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Wildlife in Essex

As the climate changes, toxicity increases and our green and pleasant land is lost to urbanisation, some of our indigenous wildlife is continually under threat. Many species are now protected by law, including badgers, reptiles, bats and many birds. Yet other species continue to flourish, such as the urban fox and the grey squirrel. Nonetheless, in Essex we are still privileged to be able to enjoy many different types of wildlife, both inland and along our wonderful coastline.

The Essex Wildlife Trust operates seven Visitor Centres, 87 Nature Reserves, one Nature Park and manages 7,200 acres of land. The RSPB in Essex also has a strong presence, particularly with the opening of RSPB Rainham Marshes and the new nature reserves in Vange and Canvey, ensuring a network of green space is protected and enjoyed by future generations within the Thames Gateway in South Essex. These charities both hold a series of events throughout the year, dedicated to providing information about wildlife to both adults and children.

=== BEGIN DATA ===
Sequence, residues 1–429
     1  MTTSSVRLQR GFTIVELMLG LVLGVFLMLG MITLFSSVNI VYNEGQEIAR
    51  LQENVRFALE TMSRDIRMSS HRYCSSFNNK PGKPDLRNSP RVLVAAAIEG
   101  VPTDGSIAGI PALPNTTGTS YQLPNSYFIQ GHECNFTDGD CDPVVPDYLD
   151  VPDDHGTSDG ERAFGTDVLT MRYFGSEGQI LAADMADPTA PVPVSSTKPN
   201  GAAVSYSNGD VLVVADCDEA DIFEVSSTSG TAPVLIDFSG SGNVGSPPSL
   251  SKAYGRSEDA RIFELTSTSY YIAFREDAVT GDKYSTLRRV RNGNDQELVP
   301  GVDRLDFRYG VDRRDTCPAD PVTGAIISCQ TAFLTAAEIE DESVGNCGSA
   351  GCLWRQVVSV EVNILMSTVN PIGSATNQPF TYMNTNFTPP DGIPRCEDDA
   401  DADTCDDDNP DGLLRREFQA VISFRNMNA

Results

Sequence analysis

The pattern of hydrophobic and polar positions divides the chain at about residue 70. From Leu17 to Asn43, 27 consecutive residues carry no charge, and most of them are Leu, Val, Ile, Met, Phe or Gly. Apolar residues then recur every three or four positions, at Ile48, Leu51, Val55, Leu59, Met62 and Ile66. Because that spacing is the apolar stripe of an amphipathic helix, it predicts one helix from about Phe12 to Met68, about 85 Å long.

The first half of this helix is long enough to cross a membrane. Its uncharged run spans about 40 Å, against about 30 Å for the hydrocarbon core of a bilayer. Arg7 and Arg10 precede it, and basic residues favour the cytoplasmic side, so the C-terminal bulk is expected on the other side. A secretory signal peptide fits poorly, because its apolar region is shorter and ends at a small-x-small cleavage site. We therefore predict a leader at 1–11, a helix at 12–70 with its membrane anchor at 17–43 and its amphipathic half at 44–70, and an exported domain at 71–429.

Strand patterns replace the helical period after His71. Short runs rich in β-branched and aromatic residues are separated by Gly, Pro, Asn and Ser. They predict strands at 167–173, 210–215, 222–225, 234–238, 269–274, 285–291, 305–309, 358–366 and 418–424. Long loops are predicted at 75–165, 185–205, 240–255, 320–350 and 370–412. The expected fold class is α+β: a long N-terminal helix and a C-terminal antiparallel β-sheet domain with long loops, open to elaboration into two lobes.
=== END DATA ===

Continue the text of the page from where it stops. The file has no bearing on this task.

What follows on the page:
But it is important that wildlife can survive outside of dedicated nature reserves. Our own back gardens, or even small patio areas, remain very important habitats for wildlife. However small, these little oases should never be undervalued, particularly in urban areas: they form a patchwork of trees and plants essential in the struggle for the survival of wildlife in Essex.


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